Pubdate: Sun, 13 Jan 2002
Source: Sunday Times (UK)
Copyright: 2002 Times Newspapers Ltd.


PEOPLE caught using cocaine, heroin and ecstasy will not face court action 
under sweeping changes to drugs policies that are being considered 
by  police chiefs.

Under the proposals, thousands of users who are arrested in possession of 
small amounts of hard as well as soft drugs will be referred for medical 
treatment rather than face criminal charges. The change is expected to be 
approved within the next few weeks.

Chief constables insist they are not decriminalising hard drugs and 
emphasise that police will retain the option of pressing charges. But 
addicts and recreational users, although not drug dealers, will no longer 
be treated automatically as criminals if they agree to register for 
treatment, which could involve drugs prescribed under supervision.

The proposed "intelligent enforcement" policy was outlined at a meeting of 
the "cabinet" of the Association of Chief Police Officers (ACPO), which 
comprises the 43 chief constables of England and Wales, at a meeting in 
London on December 19. Police chiefs say the aim is to focus resources on 
hard drug dealers.

They believe that "medicalising" instead of "criminalising" the problem is 
the only way to cut the number of hard drug users and the 80% of property 
crime that is drug-related. One chief constable said: "We want to refer 
people for treatment rather than charge them, to concentrate on damage 
limitation and break the cycle between drug use and crime."

Although more than 11,300 people were prosecuted for possessing hard drugs 
in 2000, many senior officers privately accept that the war on drugs is 
being lost. Chief constables feel that sending offenders to prison does 
nothing to help them to kick their habits.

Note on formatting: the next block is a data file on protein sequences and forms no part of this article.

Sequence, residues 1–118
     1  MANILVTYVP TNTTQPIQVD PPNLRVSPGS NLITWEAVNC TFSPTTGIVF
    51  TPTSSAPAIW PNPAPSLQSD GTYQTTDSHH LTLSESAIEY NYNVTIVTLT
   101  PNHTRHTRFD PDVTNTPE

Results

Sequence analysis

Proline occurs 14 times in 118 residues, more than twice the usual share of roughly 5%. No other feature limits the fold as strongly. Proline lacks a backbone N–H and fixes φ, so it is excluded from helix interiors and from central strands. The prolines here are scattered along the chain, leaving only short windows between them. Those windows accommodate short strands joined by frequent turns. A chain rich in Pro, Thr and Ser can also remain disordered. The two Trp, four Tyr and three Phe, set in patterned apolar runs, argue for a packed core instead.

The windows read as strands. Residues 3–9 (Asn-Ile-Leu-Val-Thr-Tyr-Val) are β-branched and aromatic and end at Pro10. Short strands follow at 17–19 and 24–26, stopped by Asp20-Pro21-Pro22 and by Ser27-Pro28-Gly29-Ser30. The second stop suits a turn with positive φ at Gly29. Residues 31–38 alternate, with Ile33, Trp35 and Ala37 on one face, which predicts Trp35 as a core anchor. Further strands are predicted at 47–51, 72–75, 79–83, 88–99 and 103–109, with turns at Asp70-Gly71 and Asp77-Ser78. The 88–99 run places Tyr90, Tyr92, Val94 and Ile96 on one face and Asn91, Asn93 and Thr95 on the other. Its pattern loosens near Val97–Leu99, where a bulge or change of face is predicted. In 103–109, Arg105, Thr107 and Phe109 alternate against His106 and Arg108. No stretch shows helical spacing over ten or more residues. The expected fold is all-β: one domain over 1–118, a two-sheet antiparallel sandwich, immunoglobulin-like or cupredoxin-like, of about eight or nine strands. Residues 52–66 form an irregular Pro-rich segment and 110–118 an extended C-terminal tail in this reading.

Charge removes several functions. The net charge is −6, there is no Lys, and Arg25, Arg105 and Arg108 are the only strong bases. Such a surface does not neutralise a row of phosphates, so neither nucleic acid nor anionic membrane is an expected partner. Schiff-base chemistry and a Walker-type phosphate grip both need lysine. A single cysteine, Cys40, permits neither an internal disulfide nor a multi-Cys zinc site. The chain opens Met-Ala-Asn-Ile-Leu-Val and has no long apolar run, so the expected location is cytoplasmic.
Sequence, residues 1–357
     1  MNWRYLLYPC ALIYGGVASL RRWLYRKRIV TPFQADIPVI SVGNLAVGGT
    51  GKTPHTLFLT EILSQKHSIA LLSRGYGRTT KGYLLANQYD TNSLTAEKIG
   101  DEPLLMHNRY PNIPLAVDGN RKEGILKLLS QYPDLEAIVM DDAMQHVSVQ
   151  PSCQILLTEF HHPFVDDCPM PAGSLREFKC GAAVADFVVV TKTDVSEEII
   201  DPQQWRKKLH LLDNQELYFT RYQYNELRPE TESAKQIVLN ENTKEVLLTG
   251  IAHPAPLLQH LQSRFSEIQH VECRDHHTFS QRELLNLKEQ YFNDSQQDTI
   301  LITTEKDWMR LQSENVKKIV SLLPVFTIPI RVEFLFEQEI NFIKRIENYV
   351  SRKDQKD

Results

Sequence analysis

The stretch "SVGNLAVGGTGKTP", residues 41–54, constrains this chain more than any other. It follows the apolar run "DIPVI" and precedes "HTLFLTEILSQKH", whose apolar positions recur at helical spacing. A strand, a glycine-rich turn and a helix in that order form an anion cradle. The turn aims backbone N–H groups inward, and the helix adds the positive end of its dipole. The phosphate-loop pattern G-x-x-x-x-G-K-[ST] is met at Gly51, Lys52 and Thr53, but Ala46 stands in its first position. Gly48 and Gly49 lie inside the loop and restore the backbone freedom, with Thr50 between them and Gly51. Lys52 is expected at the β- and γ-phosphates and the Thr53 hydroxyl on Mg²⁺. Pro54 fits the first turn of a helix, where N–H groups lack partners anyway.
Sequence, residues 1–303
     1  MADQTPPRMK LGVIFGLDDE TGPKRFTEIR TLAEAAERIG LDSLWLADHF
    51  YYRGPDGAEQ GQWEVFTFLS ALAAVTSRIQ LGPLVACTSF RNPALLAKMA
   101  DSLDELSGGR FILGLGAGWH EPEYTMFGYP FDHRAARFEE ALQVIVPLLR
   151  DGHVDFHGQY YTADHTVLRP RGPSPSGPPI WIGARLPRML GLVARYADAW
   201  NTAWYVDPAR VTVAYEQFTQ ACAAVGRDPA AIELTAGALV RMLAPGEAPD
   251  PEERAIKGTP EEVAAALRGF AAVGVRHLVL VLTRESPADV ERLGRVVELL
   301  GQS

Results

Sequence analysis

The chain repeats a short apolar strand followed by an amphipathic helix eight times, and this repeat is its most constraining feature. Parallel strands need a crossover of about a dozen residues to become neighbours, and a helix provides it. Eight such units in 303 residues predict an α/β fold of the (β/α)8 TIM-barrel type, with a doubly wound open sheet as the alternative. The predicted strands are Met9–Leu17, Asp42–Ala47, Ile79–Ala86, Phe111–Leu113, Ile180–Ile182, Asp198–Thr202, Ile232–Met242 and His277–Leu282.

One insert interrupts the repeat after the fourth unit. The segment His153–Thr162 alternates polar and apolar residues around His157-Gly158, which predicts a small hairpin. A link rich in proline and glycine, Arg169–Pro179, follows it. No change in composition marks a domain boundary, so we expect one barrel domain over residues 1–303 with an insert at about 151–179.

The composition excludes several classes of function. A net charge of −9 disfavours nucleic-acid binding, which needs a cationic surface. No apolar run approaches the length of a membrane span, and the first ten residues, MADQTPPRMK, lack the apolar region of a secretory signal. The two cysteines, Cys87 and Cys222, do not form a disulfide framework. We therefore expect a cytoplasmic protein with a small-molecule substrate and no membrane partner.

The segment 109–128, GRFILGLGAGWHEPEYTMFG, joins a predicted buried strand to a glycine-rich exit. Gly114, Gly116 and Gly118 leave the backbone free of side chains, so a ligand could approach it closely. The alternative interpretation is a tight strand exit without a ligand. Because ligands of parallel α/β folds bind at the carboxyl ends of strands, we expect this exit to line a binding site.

At the same time senior officers want more and tougher targeting of street 
dealers who are supplying class A drugs such as ecstasy, heroin and 
cocaine.They say the policy switch will not require any new legislation, 
only changes in the way the police enforce existing laws.

Pilot schemes under which arrested drug users are referred to counsellors 
and doctors for treatment are already running in some areas. ACPO wants to 
study ways of greatly increasing their use. Home Office figures show that 
60% of those referred for treatment reduced or stopped their offending.

One government study indicated that for every UKP 1 spent on drugs 
treatment, UKP 3 was saved on keeping offenders out of the police and 
courts system. The Home Office says the cost of dealing with drugs offences 
in terms of police and court time is UKP 1.2 billion a year.

Britain has the worst drugs problem in western Europe. Figures produced 
last September indicate that more than 3m people spend a total of UKP 6.6 
billion a year on illegal drugs. There are 3.1m occasional smokers of 
cannabis and 270,000 regular heroin users. More than 430,000 are estimated 
to be occasional users of ecstasy.

The Home Office recently announced that funding for drug treatment regimes 
would rise from I234m this year to more than I400m in 2003-04. But the 
police chiefs' proposals would require much more funding.

The ACPO move follows a proposal by David Blunkett, the home secretary, to 
reclassify cannabis from a class B to a class C drug, effectively making 
possession of small quantities a non-arrestable offence.
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